How curiosity can fuel your career change

We seem to be in an era of passion overload. There are dozens of books about finding or following your:

  • Passion
  • Purpose
  • Joy
  • Meaning
  • Soul Signature…
  • Inner Fire!

While I like to incorporate some of these concepts into the career coaching work I do – helping people to identify what a sense of meaning or fulfillment looks like, and how to build that into their lives – sometimes I think the cultural pressure to follow your bliss is a bit overrated.

I’ve had a number of clients share with me a feeling of panic or disappointment at not having figured out their “passion” – which feels especially challenging now that they’re 10 or 20 years into their careers. 

They’re frustrated they haven’t been able to find their passion yet, when it seems like everyone else has. Or they feel pulled in so many directions that they don’t know where to go – or are afraid of cutting off opportunities if they do commit to something.

I’ve had friends who knew they wanted to be pediatricians, or historians, or engineers for as long as they could remember – or at least, that they knew what kind of stuff they loved doing from a young age. In high school and college, I noticed a lot of my peers had a much clearer sense of what they were great at, what they enjoyed – while I struggled to find what I was excited about.

Especially while I was in college, I found myself flitting around – doing what seemed to be a random collection of things: volunteering for the campus crisis hotline, connecting with prospective students in the admissions office, being an RA in the dorm, working in a neighborhood elementary school as a teacher’s assistant. All the while trying out different majors, eventually settling on history because it was interesting enough.

But I was lost about what I thought my purpose, or my passion, should be. 

What helped alleviate that panicky feeling was taking some action – even if I wasn’t sure it was the right action. I started following what I had tried out and enjoyed – interning at a few nonprofits, knowing I wanted to have a job that had a deeper meaning for me, an ability to have an impact on some problems in the world.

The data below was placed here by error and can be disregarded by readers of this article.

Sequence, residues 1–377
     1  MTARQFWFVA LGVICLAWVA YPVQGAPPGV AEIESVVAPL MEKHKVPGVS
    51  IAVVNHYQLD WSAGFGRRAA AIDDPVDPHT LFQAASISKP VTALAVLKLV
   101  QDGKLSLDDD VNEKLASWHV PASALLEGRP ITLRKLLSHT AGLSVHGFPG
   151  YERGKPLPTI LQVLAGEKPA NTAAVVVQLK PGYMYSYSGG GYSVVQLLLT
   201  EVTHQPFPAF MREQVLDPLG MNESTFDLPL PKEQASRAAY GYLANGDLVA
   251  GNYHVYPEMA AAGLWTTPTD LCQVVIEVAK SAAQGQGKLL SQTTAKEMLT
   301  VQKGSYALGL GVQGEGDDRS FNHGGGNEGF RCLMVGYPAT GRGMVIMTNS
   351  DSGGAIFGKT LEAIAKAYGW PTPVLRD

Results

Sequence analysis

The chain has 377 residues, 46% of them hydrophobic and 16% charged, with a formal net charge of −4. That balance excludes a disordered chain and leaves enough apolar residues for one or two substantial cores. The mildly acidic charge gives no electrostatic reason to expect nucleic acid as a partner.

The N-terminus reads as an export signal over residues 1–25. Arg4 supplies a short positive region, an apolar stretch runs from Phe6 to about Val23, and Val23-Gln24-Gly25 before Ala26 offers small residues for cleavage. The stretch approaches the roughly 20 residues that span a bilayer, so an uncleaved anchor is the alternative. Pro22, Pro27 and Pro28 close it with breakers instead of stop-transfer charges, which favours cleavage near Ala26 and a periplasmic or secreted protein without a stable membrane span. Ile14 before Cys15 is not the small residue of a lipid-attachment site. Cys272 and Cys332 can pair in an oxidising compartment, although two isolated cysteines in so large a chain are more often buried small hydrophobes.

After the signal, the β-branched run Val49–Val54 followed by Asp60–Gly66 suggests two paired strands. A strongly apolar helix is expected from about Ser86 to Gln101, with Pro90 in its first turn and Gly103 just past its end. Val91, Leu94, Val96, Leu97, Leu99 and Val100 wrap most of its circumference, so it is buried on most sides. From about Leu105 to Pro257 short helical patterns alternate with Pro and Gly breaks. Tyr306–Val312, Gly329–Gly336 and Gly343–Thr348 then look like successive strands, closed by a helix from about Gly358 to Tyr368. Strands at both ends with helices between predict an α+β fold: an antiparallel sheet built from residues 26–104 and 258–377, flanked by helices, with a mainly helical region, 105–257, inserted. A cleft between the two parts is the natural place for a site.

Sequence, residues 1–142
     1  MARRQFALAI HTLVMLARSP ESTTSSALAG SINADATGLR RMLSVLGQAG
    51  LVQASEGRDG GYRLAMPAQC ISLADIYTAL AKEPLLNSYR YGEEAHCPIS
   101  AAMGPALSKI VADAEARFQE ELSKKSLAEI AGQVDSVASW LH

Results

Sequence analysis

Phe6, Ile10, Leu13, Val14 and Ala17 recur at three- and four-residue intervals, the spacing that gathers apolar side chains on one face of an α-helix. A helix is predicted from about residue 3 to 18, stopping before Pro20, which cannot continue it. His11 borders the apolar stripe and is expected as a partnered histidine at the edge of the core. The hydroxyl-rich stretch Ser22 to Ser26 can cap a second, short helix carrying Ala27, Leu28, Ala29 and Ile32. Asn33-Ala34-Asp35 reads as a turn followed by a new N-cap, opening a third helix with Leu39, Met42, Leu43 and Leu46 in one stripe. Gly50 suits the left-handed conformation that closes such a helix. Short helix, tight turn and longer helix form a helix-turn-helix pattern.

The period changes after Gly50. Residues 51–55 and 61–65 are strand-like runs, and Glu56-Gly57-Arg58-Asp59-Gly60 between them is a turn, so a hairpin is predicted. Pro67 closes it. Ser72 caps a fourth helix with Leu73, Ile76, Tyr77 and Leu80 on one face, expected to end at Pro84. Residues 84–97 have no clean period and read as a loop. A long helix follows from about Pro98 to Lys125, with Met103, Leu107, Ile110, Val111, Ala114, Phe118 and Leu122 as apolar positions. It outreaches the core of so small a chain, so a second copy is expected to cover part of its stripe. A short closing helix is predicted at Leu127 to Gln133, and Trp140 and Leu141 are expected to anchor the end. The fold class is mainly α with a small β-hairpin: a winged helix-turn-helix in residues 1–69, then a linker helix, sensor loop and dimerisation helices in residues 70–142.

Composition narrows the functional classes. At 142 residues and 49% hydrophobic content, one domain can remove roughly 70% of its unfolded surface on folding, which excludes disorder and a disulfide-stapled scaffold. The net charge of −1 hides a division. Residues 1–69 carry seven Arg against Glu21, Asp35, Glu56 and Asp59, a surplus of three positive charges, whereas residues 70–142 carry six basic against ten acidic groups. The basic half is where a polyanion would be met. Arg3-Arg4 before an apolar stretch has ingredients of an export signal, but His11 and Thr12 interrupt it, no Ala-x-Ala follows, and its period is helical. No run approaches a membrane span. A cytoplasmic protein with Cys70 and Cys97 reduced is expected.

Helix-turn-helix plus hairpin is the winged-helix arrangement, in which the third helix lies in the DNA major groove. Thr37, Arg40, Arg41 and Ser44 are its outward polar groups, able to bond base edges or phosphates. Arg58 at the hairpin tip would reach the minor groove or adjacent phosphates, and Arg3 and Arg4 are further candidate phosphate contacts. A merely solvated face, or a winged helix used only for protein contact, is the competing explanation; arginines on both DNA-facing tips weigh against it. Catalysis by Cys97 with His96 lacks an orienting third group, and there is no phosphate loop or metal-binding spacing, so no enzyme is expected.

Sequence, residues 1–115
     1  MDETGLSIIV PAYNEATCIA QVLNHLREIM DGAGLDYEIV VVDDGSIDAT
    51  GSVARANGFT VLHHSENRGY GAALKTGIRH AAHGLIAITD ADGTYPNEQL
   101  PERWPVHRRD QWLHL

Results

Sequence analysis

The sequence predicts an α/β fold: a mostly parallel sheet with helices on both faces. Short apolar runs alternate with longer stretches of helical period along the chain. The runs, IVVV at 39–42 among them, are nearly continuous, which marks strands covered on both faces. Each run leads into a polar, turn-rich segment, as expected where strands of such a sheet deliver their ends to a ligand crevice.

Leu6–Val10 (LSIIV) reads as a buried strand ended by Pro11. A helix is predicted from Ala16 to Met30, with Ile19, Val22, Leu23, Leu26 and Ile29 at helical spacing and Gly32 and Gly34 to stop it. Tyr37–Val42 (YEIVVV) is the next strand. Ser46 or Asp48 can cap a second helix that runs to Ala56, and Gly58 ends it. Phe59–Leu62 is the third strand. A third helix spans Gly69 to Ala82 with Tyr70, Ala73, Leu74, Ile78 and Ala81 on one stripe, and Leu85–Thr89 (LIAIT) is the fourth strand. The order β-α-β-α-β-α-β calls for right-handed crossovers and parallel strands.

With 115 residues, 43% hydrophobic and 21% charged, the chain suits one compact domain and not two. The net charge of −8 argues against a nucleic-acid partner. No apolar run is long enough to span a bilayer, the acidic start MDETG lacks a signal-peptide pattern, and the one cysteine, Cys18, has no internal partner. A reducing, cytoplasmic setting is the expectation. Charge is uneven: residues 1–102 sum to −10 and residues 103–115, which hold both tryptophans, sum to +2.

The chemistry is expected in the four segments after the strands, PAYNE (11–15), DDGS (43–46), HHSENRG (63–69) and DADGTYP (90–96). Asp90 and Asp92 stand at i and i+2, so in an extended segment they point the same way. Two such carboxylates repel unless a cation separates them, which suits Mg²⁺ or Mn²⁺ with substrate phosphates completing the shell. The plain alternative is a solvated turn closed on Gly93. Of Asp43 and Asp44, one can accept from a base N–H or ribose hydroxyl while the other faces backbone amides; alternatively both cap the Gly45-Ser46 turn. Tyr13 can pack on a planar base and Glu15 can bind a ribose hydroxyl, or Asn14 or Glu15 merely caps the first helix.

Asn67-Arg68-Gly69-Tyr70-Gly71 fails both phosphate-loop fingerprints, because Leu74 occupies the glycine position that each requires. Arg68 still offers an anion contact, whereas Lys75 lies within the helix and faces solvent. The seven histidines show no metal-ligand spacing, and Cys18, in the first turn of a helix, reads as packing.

Once I got an actual job at a nonprofit, I paid attention to what I liked about that, and what I really didn’t. And the next opportunity I pursued was more in line with what I wanted. Then I looked for other things that seemed interesting, or skills I wanted to learn, and advocated for opportunities to take those on and get mentoring as well. 

Taking action to follow what sparked my interest or curiosity has been fundamental to my own career journey, in evolving to the place where my strengths and varied experience are at their highest and best use. I use the word evolving intentionally – because in some ways, it’s taken more than 20 years of exploration for things to work out this way.

For my coaching clients, though, it won’t take them 20 years to “find their passion” – because we work together to follow their curiosity and come up with real options to pursue in the short-term. 

In the last month, I’ve shared this video of Elizabeth Gilbert at least twice a week, because I think she beautifully articulates the experience I’ve had, of following my curiosity – which is like the concept of “collecting the dots” that Seth Godin talks about (with the caution to avoid collecting to infinity…).

Once you are able to collect the dots, then you need to connect the dots and see what kind of picture emerges from all the beautiful exploration you’ve done in your life. (This is where coaching comes in!)

And coincidentally, or divinely, this collecting and connecting the dots is the piece of coaching that connects my own dots: wanting to have an impact (nonprofit internships), supporting people through their journey (RA, teacher’s assistant), active listening (crisis hotline), synthesizing information and critical thinking (history classes and papers), knowledge of career options (recruiting and HR). 

It might look like a random collection of dots at first – but the connections and the way these things from my life work together tell a story, and have shown me the path forward.

What do you think?

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